Figures released last week underlined that the Tories’ austerity policies are pushing Britain’s economy deeper into recession.
For workers this opens up the prospect of ever more savage attacks on jobs, pay, pensions, benefits and services.
Britain’s economic output shrank by 0.7 percent in the second quarter of this year, according to the Office for National Statistics.
Britain has been in recession—where economic output shrinks—for nine months in a row. This is the longest period of recession since the Second World War.
Now credit rating agencies are threatening to downgrade Britain’s rating. If that were to happen, then the British government’s costs of borrowing would soar, intensifying the crisis.
The Tories have blamed the crisis on the jubilee holiday, the weather and Gordon Brown. Chancellor George Osborne has blamed the crisis in Europe.
It’s true that Britain isn’t immune to the crisis in Europe. But Britain is now the worst performing economy in the G8 club of rich nations, except Italy.
The real problem is that the economy is dominated by a small class of rich people who are refusing to part with their cash.
The Tories keep throwing money at the banks and bosses to “persuade” them to lend and invest. But they are sitting on the money because they aren’t confident of making enough profits.
Now sections of the ruling class are putting Osborne under pressure to shift away from austerity and towards spending.
The bosses’ CBI called on George Osborne to spend some£250 billion on major infrastructure projects, knowing that this would hand lucrative contracts to private firms.
But while Osborne’s cuts are making the crisis worse, its origins are much deeper than that. Crisis is built into a system that is driven by competing bosses always looking to make more money.
Osborne says we have to make cuts to repay Britain’s budget deficit. If he really wanted to do that he could clamp down on bosses’ tax evasion and tax the rich. But he won’t do that—because his real aim is to transfer yet more money from the poor to the rich.
The mainstream debate on how to boost “the economy” is really about how to boost bosses. And politicians from all parties want to protect bosses’ profits at our expense.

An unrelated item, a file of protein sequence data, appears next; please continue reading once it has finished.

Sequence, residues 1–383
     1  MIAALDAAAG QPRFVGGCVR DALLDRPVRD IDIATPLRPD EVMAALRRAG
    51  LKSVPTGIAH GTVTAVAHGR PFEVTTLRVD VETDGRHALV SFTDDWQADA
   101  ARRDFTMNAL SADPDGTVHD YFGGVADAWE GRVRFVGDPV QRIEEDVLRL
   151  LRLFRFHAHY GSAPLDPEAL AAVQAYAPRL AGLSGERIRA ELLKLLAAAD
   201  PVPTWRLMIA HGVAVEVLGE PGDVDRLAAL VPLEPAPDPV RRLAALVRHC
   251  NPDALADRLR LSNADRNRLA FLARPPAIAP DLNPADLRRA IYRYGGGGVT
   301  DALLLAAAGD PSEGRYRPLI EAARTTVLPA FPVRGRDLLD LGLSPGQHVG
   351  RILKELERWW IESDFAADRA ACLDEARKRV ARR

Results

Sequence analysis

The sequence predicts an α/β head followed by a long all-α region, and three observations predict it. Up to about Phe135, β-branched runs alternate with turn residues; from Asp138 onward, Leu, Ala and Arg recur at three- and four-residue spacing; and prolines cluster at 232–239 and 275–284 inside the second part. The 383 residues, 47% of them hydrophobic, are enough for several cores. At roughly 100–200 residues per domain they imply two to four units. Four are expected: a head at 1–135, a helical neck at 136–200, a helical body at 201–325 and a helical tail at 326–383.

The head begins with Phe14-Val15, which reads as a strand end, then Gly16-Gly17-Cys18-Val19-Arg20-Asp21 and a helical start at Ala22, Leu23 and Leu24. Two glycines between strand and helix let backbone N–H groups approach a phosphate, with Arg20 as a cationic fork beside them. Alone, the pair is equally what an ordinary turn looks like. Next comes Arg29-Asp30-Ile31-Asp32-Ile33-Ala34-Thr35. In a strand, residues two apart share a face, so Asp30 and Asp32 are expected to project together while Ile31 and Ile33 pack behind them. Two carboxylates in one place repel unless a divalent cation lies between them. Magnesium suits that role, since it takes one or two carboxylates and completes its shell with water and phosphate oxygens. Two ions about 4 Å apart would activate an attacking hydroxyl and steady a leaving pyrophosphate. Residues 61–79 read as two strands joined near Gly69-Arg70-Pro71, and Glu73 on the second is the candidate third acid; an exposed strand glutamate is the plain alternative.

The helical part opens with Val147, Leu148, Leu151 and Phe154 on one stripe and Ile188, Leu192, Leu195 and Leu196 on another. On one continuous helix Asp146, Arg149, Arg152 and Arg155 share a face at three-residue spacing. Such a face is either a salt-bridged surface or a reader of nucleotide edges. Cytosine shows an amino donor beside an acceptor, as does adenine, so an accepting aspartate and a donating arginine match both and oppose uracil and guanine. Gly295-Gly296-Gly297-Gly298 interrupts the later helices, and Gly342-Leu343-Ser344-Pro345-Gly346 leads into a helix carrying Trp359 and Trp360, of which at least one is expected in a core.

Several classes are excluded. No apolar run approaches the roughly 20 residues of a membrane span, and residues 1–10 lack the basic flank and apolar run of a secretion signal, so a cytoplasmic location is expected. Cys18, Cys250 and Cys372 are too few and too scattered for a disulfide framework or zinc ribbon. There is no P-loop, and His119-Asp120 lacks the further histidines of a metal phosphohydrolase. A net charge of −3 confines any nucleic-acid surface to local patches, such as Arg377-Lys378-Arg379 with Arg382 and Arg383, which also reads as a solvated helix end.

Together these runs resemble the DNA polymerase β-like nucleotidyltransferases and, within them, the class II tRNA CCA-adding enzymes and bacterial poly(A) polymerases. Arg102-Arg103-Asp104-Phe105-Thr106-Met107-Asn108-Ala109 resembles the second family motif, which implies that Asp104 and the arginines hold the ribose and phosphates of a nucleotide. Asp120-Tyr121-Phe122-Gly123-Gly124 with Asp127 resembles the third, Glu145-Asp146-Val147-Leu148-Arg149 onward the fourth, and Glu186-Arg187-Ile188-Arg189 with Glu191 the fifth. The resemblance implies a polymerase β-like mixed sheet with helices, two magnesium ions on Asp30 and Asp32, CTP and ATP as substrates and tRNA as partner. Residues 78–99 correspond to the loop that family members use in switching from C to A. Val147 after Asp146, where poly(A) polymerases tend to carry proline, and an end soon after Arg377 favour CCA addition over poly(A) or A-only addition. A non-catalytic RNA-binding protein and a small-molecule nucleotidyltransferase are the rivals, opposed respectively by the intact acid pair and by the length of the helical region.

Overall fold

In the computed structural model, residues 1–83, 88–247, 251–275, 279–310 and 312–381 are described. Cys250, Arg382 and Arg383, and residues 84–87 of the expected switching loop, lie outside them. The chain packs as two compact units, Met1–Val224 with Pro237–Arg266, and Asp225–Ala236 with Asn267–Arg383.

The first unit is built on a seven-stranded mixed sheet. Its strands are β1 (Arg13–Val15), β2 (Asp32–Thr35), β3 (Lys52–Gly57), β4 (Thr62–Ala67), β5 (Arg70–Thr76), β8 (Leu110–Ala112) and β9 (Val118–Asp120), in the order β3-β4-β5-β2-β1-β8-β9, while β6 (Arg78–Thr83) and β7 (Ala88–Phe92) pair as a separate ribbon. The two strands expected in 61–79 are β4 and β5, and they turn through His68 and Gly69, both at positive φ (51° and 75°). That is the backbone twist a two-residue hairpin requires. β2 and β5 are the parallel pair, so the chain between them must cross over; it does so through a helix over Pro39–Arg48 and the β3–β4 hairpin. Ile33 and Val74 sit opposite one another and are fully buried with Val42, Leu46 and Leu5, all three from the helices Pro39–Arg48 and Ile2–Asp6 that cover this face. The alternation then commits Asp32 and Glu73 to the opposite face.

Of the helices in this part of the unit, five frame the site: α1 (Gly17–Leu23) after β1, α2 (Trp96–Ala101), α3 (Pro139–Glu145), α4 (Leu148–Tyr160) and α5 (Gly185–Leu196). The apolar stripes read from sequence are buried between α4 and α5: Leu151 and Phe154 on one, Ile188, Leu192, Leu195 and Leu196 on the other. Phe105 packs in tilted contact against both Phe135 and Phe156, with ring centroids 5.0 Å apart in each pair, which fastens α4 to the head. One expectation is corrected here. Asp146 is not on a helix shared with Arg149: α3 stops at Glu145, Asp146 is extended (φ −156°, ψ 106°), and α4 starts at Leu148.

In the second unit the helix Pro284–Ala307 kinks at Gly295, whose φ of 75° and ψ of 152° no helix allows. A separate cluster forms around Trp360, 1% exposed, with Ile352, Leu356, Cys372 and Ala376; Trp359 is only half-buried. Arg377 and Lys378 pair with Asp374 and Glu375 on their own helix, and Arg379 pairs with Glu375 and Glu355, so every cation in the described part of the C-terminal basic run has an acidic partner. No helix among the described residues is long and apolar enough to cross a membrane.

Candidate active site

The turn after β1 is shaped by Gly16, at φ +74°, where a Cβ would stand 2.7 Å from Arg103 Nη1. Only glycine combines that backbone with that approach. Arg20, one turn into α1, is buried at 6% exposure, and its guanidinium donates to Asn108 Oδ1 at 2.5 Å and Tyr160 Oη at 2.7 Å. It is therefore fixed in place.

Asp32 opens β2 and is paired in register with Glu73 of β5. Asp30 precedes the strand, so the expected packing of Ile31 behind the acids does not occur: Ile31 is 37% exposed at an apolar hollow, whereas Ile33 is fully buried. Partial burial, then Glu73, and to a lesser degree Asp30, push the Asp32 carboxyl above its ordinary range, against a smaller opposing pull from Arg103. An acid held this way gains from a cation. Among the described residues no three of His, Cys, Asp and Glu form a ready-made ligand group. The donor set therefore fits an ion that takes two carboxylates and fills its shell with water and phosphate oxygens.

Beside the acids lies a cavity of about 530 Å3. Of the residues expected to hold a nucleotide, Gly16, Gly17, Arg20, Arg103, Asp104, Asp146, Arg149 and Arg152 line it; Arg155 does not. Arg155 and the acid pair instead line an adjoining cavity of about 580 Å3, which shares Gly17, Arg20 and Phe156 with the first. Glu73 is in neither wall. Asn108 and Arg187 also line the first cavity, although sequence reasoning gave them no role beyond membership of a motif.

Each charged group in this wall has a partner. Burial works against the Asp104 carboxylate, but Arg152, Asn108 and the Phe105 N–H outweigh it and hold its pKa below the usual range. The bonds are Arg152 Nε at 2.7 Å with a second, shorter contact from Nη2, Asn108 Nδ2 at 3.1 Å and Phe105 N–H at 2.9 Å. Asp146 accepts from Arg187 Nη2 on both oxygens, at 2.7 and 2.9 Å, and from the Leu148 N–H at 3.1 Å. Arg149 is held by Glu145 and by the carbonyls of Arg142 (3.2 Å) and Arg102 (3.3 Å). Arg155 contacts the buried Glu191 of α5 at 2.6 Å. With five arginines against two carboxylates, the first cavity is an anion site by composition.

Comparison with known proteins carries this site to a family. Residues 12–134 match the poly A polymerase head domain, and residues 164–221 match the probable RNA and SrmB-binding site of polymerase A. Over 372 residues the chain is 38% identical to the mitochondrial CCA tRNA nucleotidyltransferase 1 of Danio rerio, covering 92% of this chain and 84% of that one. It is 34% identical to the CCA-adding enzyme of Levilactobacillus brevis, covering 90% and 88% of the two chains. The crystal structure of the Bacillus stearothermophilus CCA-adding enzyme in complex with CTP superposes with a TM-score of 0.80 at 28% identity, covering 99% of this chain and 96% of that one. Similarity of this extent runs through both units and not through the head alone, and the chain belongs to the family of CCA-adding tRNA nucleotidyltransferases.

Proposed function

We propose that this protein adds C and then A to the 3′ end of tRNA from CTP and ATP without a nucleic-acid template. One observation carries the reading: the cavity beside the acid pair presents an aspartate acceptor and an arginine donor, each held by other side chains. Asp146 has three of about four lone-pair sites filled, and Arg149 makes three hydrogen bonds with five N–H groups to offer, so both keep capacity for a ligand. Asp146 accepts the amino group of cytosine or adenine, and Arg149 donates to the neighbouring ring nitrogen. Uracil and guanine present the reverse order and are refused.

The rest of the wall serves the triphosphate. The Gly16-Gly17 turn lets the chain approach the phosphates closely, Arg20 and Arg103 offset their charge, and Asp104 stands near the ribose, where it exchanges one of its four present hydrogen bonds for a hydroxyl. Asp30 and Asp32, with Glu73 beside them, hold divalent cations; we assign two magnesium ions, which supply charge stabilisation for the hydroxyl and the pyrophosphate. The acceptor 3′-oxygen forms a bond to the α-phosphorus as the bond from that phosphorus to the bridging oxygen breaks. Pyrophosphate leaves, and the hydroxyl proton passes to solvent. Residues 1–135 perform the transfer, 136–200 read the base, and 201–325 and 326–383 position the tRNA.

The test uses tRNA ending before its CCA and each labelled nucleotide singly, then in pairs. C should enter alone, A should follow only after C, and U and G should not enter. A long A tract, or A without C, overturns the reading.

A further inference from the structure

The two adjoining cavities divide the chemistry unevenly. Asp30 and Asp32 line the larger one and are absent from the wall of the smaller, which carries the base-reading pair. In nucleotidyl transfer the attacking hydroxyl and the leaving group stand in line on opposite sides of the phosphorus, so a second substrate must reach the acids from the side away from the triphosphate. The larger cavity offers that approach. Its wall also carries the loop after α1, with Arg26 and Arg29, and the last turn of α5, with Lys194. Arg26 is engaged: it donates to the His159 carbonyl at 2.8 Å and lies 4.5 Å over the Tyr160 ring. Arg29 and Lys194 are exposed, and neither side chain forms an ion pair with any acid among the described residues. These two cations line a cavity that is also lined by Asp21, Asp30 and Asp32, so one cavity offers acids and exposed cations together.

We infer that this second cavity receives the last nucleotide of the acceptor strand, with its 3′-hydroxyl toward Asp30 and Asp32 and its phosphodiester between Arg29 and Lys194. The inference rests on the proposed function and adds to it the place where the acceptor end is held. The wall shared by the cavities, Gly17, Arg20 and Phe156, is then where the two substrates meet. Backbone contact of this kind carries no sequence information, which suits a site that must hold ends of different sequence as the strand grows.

Replacing Osborne with Lib Dem Vince Cable, as some are suggesting, is no solution for workers. Nor is making cuts at a slower pace, as Labour advocates.
The real problem is the tiny minority of very wealthy people who run the system. And the real solution is to get rid of them.
What did HSBC’s Tory ex-boss know?
Tory trade minister Lord Green has denied he has a “case to answer” about money laundering at HSBC bank.
He was the chief executive and then chairman of the bank while the money laundering was taking place. The question is, what did he know, and when?
The bank has admitted moving billions of dollars in cash from its Mexican arm despite warnings it could be drug money. A US Senate report called the bank’s culture “pervasively polluted”.
Green attended a private dinner party with HSBC tops weeks before the accusations came to light. He has refused to comment on this, saying it was “private”. And he has refused to answer any other questions about the affair.
HSBC bank has put aside £445 million for fines it may face for allowing billions of pounds of laundered money to through the financial system. And HSBC chief executive Stuart Gulliver admitted the final fine could be “higher, possibly significantly higher”.
The bank is also involved in the Libor rate-rigging scandal. But even a huge fine or two will hardly make a dent in the bank’s cash mountains. It reported a rise in profits this week to £8 billion. Meanwhile it is cutting 30,000 jobs.
Tax credit cuts make it worse
The £3 billion of cuts to tax credits that came into effect this April is a likely factor behind the economy shrinking 0.7 percent, a campaign group says.
The Child Poverty Action Group says that the poorest households spend their money straight away, putting it back into the economy. This means that cuts are not only causing them suffering but also hitting the overall economy.
The £3 billion cuts includes £550 million snatched away from couples who work fewer than 24 hours a week part-time. And £1.4 billion of it was taken from the parts of tax credits paid to people who have children.
Figure it out
£3 billion cut from tax credits in April of this year
£3,870 lost by households earning under £17,000
850,000 households affected by the cut